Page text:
Why You Should Try Marsala Wine for your next Aperitivo

If I say Marsala what do you think of? A town, a colour, a wine? And if you think about Marsala wine, is that a wine you would order for your aperitivo? My husband and I were in Marsala last July and I warn you: what you will find out in this post will possibly change your life  […]


Marsala is a charming town on the West side of Sicily just at few kilometres outside Trapani and it is still fairly unknown to mass tourism. Some of you may know Marsala as a dessert wine and while reading this you are thinking: who on earth would choose to drink it!

I grew up with the same idea as you. My mother always had a bottle of Marsala in her kitchen. She never dared to offer it to any of our guests, but she did put it into my birthday cakes. If there was a list of childhood traumas, this would be in it. For this reason I was always surprised of the fame of this wine, at least by name.

The Pantone Color Institute, for example, honoured Marsala wine by naming a distinct warm shade of Bordeaux with a chestnut undertone after it. You might even have chosen it for the colour palette of your living room.

The truth is, I never knew what Marsala wine actually is, let alone how pleasing it could be to the palate until I drove to the town that gives its name to it.

The Town

Another bias – if you want – related to Marsala,  was to think that the East Sicilian cost was better than the West coast. That made our trip to Marsala even more surprising. Expect to see vast vineyards stretching to the sea, uncanny watermelon fields and romantic salt ponds enclosing a cute town drenched in history. Then add a marvellous food tradition and lots of hip places where to enjoy wine and you start understanding its potential.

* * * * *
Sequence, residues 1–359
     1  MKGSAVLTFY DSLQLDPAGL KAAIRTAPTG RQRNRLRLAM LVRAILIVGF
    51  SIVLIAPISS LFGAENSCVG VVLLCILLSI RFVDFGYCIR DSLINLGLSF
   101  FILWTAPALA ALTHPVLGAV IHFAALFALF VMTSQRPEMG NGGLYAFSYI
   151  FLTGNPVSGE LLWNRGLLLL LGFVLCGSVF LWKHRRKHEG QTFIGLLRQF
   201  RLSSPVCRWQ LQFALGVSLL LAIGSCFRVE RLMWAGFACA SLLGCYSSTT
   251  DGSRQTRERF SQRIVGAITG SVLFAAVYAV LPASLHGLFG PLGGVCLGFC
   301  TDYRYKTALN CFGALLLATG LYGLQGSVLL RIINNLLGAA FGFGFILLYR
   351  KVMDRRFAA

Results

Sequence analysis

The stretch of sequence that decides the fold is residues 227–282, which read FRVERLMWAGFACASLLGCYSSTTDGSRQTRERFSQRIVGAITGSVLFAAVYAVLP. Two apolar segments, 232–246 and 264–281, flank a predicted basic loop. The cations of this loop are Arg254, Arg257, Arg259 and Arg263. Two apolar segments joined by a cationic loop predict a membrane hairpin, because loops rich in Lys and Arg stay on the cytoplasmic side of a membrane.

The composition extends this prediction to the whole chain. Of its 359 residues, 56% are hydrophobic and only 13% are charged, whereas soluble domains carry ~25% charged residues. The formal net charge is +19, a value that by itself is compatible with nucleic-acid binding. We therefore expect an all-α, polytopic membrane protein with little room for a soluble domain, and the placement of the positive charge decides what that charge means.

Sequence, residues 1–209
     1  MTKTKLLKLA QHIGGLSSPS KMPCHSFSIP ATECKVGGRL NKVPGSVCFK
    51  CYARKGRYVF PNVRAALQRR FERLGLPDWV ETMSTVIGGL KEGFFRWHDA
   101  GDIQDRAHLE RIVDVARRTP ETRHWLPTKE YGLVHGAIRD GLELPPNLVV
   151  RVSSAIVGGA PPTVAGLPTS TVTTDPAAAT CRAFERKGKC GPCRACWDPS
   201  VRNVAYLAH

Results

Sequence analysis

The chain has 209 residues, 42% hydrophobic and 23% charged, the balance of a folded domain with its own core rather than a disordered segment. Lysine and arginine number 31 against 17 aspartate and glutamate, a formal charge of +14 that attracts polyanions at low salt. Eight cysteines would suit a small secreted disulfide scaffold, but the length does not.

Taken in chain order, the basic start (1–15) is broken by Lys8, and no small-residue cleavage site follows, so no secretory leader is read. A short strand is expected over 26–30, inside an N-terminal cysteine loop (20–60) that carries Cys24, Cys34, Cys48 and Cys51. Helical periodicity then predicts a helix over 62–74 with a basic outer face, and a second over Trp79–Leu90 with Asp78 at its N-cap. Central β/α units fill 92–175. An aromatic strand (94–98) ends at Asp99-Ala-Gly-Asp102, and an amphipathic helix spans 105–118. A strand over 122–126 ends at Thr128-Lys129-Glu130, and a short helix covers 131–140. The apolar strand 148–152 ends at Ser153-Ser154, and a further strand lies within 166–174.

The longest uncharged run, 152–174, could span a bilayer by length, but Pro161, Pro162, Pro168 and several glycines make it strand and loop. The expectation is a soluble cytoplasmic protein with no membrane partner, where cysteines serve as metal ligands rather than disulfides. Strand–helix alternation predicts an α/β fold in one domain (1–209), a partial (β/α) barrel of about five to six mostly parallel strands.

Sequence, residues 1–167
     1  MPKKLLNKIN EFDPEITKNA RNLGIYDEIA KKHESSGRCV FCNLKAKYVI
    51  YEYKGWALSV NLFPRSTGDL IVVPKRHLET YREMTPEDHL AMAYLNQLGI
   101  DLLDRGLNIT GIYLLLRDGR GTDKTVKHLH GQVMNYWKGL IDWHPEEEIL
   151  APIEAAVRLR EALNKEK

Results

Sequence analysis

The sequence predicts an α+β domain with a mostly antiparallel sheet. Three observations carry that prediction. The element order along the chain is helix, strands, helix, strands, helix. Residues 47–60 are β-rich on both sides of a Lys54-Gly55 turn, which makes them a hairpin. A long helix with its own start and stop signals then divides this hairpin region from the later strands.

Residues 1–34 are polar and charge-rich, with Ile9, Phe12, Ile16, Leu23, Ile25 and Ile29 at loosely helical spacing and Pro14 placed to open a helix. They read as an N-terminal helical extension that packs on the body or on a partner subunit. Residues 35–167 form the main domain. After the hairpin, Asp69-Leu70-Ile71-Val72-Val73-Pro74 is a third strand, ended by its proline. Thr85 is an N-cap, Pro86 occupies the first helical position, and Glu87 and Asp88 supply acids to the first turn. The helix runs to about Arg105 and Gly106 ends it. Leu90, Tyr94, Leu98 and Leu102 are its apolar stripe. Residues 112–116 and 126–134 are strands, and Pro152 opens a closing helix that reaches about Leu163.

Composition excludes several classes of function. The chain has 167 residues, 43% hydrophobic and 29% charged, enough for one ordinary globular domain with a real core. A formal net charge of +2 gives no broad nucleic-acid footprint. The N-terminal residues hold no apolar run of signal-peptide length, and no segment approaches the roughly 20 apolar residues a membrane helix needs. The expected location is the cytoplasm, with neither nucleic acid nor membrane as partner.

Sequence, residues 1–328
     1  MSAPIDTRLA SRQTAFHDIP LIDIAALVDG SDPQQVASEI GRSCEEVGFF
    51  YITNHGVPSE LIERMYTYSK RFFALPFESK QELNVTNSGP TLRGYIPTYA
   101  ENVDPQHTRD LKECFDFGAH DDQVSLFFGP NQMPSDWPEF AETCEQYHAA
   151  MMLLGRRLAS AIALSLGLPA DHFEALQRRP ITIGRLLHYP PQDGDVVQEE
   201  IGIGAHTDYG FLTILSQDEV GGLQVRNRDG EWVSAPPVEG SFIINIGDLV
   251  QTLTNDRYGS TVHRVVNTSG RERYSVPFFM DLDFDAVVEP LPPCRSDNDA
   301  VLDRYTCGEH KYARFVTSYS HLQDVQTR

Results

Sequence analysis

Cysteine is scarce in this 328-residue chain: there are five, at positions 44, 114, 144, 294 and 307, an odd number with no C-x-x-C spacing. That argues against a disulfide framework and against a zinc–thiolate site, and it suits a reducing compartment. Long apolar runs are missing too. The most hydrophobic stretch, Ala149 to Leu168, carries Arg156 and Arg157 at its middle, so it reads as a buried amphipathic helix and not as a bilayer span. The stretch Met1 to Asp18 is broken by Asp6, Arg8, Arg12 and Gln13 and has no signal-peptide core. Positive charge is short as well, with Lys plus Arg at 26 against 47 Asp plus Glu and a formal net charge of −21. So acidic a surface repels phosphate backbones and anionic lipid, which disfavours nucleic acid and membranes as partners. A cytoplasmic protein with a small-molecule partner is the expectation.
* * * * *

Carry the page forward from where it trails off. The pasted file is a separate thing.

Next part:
Watermelon field
Watermelon field.
Salt ponds north of Marsala.
One of the gates of the historical centre of Marsala.

Although World War II irreversibly damaged several sites, Marsala still shows off a captivating mixture of beautiful baroque buildings and a soft Arab atmosphere. It is priceless to join the locals for their routine evening strolls. Walking up and down the main streets and getting lost in the tinier ones, we reached an unexpected square with a fountain and the beautiful facade of Chiesa del Purgatorio.

Chiesa del Purgatorio, Marsala.

In this perfect corner we sat down on the terrace of Ciacco Putia Gourmet because the place looked promising and the menu mouth watering. We were hungry and curious. The time for ordering Marsala wine for our aperitivo had finally arrived!


Me studying the menu at Ciacco Putia Gourmet.

Marsala wine occupied a separate and extensive menu with even an informative picture showing all the different shades of Marsala, from pale yellow to deep bordeaux.

We let the decision of the aperitivo in the hands of the waitress who approached us in the meantime. As Marsala virgins, she advised us to start with a semi-dry Marsala. My husband, however decided otherwise. Since he is not very fond of sweet he went for a dry Marsala. The waitress also encouraged us to pair our wines with soft burrata and anchovies. We both happily agreed.

Those two glasses of Marsala were the first we ever drank, but not the last of the evening. My semi-dry Marsala was indeed much sweeter than the dry one, but still a world away from the flat and syrupy wine of my memories. For the second round I too, ordered a dry Marsala. And that was the exact moment I realised that I did not know a thing about Marsala. Something in that glass reminded me of Cognac. Wood notes, cigar box and dried fruits persisted in my mouth long after each sip.

A glass of Marsala wine by Ciacco Putia Gourmet in Marsala.


And it is with this aftertaste still in the back of my mind that I dare you to try a glass of Marsala for your next aperitivo. If you see a bottle of dry Marsala wine by Cantina Florio or Cantina Pellegrino, order a glass and pair it with a piece of parmigiano or anchovies. If you are more the dessert wine type, go for a semi-dry and almond biscuits like cantucci.

Unfortunately there is a small chance that this would happen to you. To find a good Marsala wine in a bar anywhere outside the town of Marsala is almost impossible. Even within Sicily itself. Following the fate of other similar fortified wines like Port and Sherry, Marsala struggles, already for decades, to find its rightful place in the world market. And the bad reputation of Marsala as cooking wine does not help either.

Looking at the bright side, this could be for you just another wonderful reason to go and visit Marsala. As for me, that was a good enough reason.


Villa Fiorita – a touch of vintage between olive trees and sea.

Villa Perla di Guidaloca – explore Western Sicily in a modern villa facing the sea.

©photos Giulia Lattanzio & Derrick de Ruiter 

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